The key Tory manifesto promise to build 40 new hospitals by 2030 was always implausible to all but the most gullible fans of Boris Johnson: but now a new report from the National Audit Office has confirmed that there is no chance of the pledge being fulfilled. 

It states that just 32 new hospitals “according to [the government’s original definition] might be completed by 2030, with a further eight to be completed later. 

At most two of the very smallest schemes might be completed by 2025.

One, of these, the £20m Dyson Cancer Centre in Bath, partly funded by donations from a charity and from the vacuum cleaner magnate Sir James Dyson, is scheduled to include just 22 beds: the other, a new community hospital at Shotley Bridge, which the NAO categorises as a red risk and yet to complete a business case, will be a combination of outpatient facilities with just 16 beds.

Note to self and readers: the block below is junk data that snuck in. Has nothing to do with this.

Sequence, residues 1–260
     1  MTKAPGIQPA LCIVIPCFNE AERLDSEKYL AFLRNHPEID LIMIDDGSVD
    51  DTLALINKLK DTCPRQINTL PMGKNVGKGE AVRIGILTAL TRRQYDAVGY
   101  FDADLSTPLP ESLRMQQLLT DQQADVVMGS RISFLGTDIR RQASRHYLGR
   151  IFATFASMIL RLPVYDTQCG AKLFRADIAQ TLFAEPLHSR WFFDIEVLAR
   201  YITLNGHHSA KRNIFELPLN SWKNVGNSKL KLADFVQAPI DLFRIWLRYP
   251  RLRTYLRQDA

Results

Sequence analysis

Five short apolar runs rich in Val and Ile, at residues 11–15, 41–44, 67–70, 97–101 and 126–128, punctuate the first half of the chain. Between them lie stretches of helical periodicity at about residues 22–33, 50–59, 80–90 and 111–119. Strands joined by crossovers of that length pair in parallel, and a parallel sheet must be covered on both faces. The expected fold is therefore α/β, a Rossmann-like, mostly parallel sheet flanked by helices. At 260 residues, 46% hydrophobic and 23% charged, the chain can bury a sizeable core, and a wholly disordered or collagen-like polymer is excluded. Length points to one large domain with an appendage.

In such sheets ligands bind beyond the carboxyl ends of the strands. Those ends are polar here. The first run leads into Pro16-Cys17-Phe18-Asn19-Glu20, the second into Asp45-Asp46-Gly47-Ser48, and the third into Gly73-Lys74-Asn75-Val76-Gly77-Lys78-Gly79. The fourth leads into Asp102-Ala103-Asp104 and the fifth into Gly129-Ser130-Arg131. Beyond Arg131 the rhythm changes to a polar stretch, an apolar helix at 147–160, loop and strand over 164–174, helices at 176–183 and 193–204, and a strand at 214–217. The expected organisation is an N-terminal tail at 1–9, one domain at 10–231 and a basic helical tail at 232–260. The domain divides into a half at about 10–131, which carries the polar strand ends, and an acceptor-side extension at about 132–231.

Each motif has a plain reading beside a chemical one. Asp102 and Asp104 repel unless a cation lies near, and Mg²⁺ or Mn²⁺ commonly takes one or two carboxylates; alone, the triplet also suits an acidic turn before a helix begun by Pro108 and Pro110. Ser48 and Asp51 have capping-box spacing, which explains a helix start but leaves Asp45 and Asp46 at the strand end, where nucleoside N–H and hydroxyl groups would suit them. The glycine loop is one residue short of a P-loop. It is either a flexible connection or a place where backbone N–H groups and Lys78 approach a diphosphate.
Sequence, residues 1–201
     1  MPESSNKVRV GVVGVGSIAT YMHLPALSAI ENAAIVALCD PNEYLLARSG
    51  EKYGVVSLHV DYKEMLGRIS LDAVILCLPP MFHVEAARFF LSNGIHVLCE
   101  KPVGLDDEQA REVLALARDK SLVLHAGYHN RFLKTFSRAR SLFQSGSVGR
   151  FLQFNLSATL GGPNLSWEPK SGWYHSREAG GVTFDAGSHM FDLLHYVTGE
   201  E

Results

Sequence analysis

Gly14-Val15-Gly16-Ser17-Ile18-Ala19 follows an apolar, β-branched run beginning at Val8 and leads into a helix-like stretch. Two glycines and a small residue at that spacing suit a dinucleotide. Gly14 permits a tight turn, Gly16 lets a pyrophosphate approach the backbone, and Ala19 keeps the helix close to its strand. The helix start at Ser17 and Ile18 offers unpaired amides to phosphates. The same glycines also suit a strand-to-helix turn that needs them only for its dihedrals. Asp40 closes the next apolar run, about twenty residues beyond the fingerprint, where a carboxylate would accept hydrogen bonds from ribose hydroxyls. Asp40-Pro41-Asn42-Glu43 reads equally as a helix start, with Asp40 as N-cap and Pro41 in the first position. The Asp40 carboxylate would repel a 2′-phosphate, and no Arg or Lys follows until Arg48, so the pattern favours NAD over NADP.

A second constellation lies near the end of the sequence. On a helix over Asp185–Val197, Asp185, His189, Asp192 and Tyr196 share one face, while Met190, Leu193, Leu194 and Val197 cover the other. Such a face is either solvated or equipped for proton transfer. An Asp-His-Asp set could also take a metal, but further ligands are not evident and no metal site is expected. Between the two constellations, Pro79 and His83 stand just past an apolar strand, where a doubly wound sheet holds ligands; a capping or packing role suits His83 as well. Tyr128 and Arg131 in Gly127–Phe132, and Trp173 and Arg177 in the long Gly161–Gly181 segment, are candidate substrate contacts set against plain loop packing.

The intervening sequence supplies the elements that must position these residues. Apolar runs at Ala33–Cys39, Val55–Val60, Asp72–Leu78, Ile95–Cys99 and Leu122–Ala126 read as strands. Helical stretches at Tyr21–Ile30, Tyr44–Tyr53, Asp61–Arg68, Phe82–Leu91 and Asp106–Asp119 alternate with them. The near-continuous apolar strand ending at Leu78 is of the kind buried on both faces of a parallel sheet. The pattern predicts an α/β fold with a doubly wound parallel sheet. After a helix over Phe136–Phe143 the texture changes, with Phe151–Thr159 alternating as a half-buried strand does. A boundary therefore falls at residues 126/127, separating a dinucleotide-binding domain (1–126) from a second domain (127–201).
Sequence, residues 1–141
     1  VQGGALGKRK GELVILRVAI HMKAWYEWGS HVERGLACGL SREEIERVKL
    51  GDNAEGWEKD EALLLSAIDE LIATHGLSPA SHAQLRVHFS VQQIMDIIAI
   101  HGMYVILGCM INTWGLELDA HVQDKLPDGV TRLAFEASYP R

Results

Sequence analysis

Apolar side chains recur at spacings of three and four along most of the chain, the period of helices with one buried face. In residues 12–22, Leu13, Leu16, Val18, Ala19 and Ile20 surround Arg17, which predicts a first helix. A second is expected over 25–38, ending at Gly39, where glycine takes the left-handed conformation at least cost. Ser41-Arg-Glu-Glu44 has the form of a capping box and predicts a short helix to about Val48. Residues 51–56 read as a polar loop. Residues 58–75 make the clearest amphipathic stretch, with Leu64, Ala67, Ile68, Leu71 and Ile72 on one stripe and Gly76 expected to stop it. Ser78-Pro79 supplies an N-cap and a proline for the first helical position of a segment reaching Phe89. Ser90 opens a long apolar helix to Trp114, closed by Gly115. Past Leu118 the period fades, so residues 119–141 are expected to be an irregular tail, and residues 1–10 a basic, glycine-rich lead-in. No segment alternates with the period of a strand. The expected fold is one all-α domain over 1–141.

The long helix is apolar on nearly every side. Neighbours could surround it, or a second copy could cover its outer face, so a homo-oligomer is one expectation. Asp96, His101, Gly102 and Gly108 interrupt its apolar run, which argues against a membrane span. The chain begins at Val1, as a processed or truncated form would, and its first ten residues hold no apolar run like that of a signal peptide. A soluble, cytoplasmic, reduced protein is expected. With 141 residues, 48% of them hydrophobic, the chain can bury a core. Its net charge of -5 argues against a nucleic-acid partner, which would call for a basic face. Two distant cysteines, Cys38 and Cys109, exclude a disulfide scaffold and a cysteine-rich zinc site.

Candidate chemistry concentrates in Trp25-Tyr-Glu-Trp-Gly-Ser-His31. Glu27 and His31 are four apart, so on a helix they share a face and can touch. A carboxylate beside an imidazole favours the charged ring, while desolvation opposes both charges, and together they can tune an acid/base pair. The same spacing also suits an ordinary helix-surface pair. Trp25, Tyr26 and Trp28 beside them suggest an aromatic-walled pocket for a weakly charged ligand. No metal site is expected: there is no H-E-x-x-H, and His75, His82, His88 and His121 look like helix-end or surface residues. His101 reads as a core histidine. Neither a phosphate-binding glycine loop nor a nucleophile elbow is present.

Any schemes ready?

None of the six major schemes initially presented as shovel ready back in 2019 (replacing Princess Alexandra Hospital, Harlow; Watford General Hospital; Whipps Cross Hospital, part of Bart’s trust in East London; a new Specialist Emergency Centre for Epsom & St Helier trust in South West London; reconfiguration of University Hospitals of Leicester; and a new wing for Leeds General Infirmary) has even completed a business case.

These schemes, which were at first expected to be completed by 2025, along with two others are now in ‘cohort 3’, “expected to complete by mid 2030”. The NAO estimates the combined cost of these schemes alone as ranging from £5bn-£10bn.

Other projects have also been grouped by the New Hospitals Programme (NHP) into “cohorts,” and where possible the NAO has attempted to estimate the percentage increase in costs for each cohort since funding was allocated to them back in 2020.